SAN DIEGO – A requirement for businesses seeking city of San Diego contracts to offer equal wages to workers regardless of their gender or ethnicity was approved unanimously Monday by the City Council.
The ordinance seeks to build on state laws meant to ensure equal pay for equal work, according to Councilman Chris Ward.
His staff cited statistics from the National Partnership for Women and Families that women working full-time in California earn 84 cents compared to each dollar for men. For African American women, the rate is 64 cents, and it’s 44 cents for Latinas, according to the report.
Ward said municipalities with similar requirements for contractors have seen “a marked reduction in disparities.”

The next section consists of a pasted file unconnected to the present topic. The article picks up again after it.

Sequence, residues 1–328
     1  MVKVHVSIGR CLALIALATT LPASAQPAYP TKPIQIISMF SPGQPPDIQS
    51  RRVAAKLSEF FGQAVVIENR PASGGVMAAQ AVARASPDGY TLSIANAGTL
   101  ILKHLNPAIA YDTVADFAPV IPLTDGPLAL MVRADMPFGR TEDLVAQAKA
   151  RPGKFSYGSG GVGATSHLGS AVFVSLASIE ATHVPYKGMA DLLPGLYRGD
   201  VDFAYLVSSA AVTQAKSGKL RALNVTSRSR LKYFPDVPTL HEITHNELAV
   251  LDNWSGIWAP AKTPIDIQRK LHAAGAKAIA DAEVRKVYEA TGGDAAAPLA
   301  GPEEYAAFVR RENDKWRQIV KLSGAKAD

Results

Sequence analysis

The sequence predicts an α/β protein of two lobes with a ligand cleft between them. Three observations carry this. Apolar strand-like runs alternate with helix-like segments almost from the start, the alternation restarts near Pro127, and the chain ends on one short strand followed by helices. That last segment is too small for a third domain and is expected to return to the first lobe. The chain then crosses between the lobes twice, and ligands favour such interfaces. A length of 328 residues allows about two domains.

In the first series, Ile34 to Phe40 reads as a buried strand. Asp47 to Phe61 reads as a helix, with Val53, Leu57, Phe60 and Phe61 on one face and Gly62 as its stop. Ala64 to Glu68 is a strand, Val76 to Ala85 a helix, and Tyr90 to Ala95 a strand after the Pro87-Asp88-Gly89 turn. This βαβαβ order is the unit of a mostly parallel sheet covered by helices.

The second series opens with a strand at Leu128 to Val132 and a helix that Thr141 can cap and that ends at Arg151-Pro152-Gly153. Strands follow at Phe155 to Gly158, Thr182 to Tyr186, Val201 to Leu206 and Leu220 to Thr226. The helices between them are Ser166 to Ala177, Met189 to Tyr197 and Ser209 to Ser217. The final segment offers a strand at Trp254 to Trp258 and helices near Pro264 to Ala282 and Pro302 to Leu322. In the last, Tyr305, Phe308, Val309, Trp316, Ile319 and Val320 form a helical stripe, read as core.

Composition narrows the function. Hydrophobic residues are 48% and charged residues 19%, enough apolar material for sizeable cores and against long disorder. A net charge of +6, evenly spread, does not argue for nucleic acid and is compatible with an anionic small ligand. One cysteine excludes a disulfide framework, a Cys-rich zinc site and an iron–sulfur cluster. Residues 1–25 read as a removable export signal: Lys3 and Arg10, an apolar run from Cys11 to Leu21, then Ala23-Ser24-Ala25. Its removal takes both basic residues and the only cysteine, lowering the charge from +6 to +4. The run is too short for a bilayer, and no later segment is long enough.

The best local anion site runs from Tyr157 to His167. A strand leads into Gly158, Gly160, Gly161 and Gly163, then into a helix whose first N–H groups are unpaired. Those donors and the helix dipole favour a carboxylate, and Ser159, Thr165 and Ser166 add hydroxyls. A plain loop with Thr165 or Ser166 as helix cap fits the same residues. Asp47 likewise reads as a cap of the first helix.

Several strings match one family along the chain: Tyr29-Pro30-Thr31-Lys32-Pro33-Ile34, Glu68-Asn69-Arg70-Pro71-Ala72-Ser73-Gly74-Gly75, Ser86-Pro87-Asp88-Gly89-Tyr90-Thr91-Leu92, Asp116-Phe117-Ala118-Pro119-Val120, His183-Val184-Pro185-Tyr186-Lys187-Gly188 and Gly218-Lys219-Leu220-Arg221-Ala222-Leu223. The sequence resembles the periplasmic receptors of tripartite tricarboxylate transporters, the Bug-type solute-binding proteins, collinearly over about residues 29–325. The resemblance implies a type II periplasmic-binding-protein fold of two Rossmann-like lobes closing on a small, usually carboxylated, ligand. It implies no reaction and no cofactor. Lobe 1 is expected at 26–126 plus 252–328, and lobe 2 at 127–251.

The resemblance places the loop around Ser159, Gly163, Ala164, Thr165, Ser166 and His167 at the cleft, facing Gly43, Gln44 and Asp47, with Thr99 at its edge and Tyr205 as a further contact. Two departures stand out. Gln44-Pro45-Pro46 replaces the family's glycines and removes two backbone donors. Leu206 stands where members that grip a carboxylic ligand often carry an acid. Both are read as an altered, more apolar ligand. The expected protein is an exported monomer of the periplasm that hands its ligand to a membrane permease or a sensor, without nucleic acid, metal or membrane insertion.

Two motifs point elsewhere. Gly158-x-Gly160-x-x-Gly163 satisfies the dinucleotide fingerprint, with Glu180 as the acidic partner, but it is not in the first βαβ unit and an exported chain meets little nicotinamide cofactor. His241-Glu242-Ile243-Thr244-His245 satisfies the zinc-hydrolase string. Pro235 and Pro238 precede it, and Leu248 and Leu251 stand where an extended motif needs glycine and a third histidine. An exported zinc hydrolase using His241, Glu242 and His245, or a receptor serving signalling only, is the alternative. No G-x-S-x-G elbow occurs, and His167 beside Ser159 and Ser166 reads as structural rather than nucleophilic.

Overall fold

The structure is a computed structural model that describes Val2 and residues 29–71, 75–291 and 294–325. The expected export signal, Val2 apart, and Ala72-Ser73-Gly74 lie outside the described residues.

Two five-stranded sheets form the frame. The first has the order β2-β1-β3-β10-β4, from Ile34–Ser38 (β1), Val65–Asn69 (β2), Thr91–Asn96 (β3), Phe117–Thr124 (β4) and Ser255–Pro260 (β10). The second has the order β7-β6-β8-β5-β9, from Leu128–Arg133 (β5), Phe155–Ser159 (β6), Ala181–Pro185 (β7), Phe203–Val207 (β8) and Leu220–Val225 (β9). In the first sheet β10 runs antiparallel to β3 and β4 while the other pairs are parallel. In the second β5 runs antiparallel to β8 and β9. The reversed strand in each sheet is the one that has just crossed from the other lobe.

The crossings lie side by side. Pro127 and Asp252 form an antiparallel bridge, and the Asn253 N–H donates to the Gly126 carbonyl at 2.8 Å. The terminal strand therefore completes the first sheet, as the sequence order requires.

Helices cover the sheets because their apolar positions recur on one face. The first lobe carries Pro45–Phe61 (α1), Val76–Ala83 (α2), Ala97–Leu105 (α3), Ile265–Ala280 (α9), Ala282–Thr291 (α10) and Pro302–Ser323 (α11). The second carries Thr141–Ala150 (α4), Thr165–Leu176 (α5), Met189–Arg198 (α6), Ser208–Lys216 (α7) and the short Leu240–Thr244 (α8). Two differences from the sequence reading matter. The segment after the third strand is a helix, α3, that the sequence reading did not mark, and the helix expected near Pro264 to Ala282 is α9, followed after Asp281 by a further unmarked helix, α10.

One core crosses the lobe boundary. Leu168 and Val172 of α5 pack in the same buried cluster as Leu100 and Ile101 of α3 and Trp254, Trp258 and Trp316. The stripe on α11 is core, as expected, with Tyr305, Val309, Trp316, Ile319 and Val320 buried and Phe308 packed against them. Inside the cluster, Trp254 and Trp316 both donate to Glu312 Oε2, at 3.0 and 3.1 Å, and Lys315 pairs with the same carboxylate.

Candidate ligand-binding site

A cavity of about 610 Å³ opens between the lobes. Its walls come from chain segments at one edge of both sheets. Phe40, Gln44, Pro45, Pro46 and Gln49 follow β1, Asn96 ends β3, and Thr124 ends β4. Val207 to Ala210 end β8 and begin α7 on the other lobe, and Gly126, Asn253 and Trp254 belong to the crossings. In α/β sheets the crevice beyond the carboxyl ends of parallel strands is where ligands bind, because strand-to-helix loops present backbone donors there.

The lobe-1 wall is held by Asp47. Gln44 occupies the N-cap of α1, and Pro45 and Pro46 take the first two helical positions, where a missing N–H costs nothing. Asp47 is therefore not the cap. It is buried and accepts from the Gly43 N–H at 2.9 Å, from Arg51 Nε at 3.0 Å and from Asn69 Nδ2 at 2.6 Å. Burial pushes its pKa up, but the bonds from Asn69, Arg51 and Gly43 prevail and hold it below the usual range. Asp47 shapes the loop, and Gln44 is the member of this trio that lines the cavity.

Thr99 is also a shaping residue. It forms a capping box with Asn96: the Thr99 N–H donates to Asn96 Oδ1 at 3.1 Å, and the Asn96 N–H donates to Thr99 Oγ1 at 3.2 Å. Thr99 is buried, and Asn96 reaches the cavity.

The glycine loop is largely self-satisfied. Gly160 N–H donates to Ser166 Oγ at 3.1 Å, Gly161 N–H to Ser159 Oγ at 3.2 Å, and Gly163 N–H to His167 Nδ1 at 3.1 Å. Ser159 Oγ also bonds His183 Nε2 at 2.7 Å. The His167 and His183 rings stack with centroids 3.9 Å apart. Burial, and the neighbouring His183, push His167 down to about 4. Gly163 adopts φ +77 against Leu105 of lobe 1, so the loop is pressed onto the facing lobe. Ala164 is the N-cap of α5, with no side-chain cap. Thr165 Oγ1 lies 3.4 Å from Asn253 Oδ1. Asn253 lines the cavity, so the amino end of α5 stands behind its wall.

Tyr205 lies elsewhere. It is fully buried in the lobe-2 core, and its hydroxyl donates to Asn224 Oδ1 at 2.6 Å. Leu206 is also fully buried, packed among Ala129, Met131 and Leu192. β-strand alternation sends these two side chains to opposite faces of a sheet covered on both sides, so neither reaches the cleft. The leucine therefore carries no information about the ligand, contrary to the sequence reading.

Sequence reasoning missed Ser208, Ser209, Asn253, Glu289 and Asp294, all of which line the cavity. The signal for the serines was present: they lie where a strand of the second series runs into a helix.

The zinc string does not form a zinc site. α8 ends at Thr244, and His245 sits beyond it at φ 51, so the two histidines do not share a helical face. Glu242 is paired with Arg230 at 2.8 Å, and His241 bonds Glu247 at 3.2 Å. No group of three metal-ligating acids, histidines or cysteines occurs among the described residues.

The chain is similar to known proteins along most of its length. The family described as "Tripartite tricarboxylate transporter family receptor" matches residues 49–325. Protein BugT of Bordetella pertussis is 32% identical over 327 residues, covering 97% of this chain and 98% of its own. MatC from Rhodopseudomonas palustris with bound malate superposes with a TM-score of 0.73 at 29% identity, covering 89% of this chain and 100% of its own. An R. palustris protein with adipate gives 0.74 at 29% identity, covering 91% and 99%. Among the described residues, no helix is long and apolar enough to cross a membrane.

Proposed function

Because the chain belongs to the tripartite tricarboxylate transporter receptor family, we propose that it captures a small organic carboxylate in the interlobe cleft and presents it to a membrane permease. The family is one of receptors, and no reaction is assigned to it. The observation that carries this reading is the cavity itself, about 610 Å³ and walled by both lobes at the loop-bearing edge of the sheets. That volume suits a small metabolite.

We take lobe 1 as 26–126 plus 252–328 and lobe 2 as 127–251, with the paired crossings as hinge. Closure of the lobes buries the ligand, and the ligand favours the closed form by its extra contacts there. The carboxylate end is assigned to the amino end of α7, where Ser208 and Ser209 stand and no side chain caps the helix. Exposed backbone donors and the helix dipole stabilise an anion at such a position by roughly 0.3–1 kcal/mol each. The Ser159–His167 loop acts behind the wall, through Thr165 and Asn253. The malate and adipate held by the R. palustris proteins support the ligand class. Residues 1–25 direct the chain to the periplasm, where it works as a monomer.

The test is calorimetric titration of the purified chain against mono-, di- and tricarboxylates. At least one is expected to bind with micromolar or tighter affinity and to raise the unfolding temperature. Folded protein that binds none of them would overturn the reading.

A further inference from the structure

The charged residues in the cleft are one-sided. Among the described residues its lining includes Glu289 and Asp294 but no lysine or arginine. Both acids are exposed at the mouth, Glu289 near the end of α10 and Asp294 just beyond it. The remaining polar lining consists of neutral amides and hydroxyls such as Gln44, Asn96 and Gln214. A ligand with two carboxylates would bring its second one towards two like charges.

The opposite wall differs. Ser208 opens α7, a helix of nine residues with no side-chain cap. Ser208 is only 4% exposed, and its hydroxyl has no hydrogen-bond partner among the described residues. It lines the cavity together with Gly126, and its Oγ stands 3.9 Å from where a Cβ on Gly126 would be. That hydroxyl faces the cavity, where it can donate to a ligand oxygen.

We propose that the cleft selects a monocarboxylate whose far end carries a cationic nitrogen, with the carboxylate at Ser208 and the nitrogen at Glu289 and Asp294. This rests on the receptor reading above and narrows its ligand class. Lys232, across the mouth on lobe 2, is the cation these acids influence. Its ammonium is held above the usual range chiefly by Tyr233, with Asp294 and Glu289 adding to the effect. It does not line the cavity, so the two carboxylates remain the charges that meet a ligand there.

The law will also require that for contracts awarded, entered into or extended on or after Jan. 1 next year, firms doing business with the city will have to certify compliance, allow city officials to access their records when requested to confirm conformity, notify new hires of the company’s equal pay policy and post notices of the policy in a conspicuous location at the workplace.
Companies that employ the equivalent of a dozen full-time workers, sole-source contracts and jobs worth $500,000 or less would be exempt from the new law.
The city already requires contractors to pay a living wage and provide equal benefits. Enforcement for the equal pay law will be handled in the same way as those programs, Ward said.
According to his staff, the city of San Diego spent more than $600 million on contracts in the fiscal year ended June 30, and has a growing capital improvements program — making its the largest retainer of consultants and contractors in the region.